The Rohingya face restrictions on education, movement, land rights – conditions which lead to extreme poverty, starvation and death. Outright persecution has reached a head in recent years such as the riots at Sittwe in 2012, 200 deaths there the result of clashes between Rohingya, the Myanmar army and police.

Despite the dangers of migration, for many Muslims who leave the predominantly Buddhist shores of Myanmar, it’s an escape, not a choice.

Refugees face ‘maritime ping-pong’

This past week has seen eight boatloads of migrants found in the waters off Thailand, Malaysia, Indonesia and Myanmar and thousands of people displaced with nowhere left to turn. Almost half of those migrants are children aged 12 and under.

Described as ‘a game of maritime ping-pong with human life’ by the International Organisation for Migration in Bangkok, nation after nation has declined responsibility for people discovered in their territorial waters. UN Secretary-General Ban-Ki Moon has called for Southeast Asian leaders to uphold international human rights and refugee laws to avoid these ‘pushbacks’ which are likely to lead to more deaths out at sea.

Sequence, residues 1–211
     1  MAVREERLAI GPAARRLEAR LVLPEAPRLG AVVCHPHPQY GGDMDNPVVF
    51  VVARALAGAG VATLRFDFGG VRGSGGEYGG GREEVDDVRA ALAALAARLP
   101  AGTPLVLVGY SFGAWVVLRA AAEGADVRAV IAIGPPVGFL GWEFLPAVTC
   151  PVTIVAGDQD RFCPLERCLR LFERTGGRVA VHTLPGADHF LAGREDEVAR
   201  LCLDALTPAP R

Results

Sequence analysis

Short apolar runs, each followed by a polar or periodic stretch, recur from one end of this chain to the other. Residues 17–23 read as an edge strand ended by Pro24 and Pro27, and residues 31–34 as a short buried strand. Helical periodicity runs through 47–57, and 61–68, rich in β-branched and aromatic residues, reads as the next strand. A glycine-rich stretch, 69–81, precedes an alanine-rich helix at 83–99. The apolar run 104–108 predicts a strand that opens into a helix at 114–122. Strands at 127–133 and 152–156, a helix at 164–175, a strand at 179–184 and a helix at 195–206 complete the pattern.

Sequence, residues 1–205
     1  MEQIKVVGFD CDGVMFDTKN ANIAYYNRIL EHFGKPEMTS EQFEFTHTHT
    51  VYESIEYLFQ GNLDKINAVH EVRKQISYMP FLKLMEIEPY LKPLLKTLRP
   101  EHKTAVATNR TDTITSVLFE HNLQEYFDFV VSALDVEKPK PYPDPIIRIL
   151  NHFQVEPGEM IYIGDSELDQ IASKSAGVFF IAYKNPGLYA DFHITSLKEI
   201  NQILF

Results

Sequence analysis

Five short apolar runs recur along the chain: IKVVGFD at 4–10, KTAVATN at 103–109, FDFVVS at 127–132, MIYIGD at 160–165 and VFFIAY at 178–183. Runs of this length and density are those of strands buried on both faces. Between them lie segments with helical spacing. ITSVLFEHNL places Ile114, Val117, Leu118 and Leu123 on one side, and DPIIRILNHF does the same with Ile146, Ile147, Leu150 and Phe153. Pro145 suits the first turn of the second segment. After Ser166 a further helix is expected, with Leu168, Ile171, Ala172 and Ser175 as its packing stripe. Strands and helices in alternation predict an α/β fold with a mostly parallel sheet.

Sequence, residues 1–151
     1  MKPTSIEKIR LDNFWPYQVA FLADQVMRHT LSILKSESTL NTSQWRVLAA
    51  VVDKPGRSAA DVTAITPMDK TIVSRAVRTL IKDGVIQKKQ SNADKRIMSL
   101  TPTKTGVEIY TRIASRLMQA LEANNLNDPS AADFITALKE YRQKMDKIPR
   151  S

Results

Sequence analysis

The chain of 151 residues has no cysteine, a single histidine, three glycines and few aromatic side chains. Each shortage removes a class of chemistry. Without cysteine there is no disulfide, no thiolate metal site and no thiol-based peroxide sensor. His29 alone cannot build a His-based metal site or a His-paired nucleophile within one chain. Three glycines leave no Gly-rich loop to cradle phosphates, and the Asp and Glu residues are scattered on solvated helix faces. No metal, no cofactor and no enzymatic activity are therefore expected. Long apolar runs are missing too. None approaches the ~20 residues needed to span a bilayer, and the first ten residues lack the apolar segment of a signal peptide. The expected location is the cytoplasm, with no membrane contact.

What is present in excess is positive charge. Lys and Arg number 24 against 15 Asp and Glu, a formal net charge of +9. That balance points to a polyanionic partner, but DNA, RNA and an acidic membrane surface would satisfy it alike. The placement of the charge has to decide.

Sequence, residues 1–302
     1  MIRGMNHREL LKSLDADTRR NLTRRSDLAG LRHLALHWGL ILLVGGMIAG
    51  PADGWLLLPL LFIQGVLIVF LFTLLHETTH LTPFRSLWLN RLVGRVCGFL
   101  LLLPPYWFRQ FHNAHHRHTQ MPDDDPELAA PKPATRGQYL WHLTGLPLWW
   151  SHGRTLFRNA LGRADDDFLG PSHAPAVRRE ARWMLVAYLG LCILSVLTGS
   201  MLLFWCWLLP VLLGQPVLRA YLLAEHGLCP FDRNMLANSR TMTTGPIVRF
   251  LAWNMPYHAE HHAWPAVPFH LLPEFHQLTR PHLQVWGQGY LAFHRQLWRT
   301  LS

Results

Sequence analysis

Human traffickers take advantage

Ban-Ki Moon
Brokers and people-smugglers who ferry migrants to places like Thailand and Malaysia have been taking full advantage of the stalemate out on open water. Crack-downs on immigrants at the Thai border have prompted some traffickers to simply abandon their human cargo. Others are holding refugees on board or in Thai camps until their families can pay for their onward journey or even pay to have them returned home again, so rendering their efforts futile.

This is likely to continue, as long as authorities consider migrants and trafficked people as criminals to be dealt with using blanket actions, rather than individuals, each with fundamental human rights.
So where does the answer to the crisis lie? In challenging Myanmar’s oppressive system, one that continues to break down Rohingya rights and communities to keep them disenfranchised and powerless? In deciding who is ‘to blame’ for the boatloads of people dying as they become trapped in oceanic limbo?